CRB research supports the California Citrus Quality Council (CCQC) with the primary objective of ensuring that California citrus meets domestic and international phytosanitary, food safety, food additive and pesticide residue regulations. CCQC ensures that California citrus growers have access to export markets for their fresh citrus fruit. Exports represent a third of the California citrus grower profits.
CRB-funded research into the California citrus-breeding program has led to the development of the Tango mandarin, along with others. The core breeding program conducts yield trials throughout the state on all varietal types to give growers information on upcoming new varieties and rootstocks. There is ongoing work to incorporate molecular tools to expedite breeding efforts to find plant materials resistant to HLB.
Along with CRB funding for cutting-edge projects for pest and disease control strategies, the CRB-funded CORE IPM Program led by Beth Grafton-Cardwell has responded to citrus grower needs for modifying existing spray schedule to treat Asian citrus psyllid. The program evaluates rotational sprays at appropriate times to avoid pesticide resistance to ACP.
Finally, this CRB-packaged information has been extended to growers through programs, including: The California Citrus Conference, Post-Harvest Conference and Seminar, and Regional Grower Education Seminars. CRB-funded research is compiled in Citrograph Magazine, the only magazine dedicated solely to the California citrus industry.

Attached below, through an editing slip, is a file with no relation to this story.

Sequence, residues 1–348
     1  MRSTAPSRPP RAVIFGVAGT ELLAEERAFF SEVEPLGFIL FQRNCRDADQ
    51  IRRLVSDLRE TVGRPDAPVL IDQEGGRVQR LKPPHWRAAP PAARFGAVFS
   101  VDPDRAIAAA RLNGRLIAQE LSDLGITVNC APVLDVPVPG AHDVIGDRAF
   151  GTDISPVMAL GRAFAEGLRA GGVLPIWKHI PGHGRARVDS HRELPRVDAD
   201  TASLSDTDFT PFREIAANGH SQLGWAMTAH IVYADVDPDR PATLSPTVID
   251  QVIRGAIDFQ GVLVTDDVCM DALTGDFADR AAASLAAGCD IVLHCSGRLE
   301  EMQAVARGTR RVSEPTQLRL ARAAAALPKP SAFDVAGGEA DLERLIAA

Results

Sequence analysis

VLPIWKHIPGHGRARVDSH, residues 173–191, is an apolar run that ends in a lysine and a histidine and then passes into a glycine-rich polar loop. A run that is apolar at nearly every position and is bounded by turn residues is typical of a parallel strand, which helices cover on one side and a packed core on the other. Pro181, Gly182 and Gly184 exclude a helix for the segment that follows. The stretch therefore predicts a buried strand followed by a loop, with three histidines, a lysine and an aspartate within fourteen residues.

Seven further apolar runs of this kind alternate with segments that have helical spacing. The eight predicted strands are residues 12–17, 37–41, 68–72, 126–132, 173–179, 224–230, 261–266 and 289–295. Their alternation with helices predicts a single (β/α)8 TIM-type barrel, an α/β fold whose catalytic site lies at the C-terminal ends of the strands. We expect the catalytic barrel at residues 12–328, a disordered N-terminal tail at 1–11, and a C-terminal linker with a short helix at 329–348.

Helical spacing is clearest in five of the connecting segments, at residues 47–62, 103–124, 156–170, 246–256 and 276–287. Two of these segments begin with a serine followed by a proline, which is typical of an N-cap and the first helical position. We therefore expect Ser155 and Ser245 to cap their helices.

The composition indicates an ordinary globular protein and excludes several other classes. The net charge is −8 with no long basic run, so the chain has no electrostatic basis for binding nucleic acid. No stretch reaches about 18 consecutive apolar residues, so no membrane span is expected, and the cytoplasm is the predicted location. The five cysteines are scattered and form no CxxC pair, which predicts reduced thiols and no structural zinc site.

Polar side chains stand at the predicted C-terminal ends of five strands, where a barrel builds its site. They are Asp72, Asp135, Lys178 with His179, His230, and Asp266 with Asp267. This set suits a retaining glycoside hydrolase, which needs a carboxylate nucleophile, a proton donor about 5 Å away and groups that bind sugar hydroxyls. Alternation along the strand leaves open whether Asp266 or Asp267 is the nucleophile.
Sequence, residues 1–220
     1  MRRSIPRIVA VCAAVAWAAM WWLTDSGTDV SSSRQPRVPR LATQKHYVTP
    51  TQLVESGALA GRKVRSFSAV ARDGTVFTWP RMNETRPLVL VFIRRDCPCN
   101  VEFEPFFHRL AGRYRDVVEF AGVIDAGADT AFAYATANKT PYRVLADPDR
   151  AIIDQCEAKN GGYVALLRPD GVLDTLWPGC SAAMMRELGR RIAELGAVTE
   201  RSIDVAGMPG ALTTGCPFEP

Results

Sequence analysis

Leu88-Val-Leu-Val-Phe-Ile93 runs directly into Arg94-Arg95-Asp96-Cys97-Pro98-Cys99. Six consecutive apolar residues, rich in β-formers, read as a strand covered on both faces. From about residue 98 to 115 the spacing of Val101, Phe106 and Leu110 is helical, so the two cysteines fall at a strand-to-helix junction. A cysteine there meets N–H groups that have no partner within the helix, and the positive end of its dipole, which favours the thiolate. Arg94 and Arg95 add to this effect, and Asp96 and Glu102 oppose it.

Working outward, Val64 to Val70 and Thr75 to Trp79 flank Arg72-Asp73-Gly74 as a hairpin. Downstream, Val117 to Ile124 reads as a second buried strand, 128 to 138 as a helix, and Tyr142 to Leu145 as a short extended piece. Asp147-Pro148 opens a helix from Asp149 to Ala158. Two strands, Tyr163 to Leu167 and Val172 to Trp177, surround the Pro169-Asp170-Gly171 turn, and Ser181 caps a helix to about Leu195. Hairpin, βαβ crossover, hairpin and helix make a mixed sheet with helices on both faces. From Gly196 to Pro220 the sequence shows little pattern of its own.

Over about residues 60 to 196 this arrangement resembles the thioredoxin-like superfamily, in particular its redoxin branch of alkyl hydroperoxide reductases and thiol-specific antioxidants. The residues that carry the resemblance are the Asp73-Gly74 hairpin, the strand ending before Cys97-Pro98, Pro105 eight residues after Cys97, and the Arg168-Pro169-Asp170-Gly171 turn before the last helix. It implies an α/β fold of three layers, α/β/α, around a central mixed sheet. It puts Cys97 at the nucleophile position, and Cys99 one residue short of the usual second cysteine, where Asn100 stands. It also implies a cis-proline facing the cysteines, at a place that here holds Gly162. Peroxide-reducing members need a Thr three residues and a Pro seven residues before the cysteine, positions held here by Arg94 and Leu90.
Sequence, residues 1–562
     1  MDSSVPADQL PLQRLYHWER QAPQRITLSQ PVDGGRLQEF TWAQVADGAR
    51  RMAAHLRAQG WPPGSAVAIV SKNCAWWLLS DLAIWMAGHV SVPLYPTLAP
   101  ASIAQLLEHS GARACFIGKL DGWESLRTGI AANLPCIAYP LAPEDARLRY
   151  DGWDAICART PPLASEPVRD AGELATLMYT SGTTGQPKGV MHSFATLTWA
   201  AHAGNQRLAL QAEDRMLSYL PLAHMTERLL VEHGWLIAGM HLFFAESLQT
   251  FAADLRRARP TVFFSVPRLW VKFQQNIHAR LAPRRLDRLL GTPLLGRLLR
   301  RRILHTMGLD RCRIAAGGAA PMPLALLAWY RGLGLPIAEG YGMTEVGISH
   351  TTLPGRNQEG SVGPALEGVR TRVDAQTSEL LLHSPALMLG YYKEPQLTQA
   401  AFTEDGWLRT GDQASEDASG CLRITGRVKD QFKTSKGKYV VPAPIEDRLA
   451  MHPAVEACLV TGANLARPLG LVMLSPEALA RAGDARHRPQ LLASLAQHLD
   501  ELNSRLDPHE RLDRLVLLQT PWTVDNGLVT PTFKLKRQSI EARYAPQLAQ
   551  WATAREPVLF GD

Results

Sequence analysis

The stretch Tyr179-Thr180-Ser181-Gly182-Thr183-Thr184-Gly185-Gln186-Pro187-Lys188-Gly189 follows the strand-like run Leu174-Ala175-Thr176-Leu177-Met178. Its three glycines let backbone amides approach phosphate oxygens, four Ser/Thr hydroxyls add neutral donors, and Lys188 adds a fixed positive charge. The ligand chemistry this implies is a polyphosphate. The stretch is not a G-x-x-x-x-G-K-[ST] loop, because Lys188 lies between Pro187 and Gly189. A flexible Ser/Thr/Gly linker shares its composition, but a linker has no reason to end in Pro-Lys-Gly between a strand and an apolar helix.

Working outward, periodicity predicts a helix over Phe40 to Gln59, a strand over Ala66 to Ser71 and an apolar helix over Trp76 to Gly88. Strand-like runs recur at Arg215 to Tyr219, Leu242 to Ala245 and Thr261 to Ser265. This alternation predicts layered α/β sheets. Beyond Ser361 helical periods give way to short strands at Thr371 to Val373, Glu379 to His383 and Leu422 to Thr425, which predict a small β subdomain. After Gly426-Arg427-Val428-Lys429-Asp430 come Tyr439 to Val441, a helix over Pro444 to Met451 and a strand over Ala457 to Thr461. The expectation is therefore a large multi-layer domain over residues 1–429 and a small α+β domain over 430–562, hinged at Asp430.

- Author: Sonia Rios
The California Citrus Research Board (CRB) will be hosting a live Asian citrus psyllid (ACP) fogging. Demonstration will carried out by CRB Researcher, Dr. Spencer Walse.
The demonstration will involve placing ACP throughout t he citrus load in within the bins. Once the tent is sealed the fogger will be turned on (sit for 2 hr) and viles with the ACP will be relocated to show the percent mortality. Previous run of the experiment have been successful.
There will be 2 opportunities to view the demonstration:
Everyone is welcome! Hope to you there!
For more information: Sonia Rios, UCCE Famr Advicor- Riverside/San Diego County
951-683-6491 EXT 224
(Photos were taken at the live demonstration in Riverside County on 4/6/2017)
This is the abstract of a presentation that was made at the recent Huanglongbing Conference held in Orlando, FL. This and other paper abstracts will soon be available at: http://irchlb.org/files/33373ab0-7df3-4117-9.pdf
Spray application of different kaolin formulations on sweet orange plants disrupt the settling and probing behavior of Diaphorina citri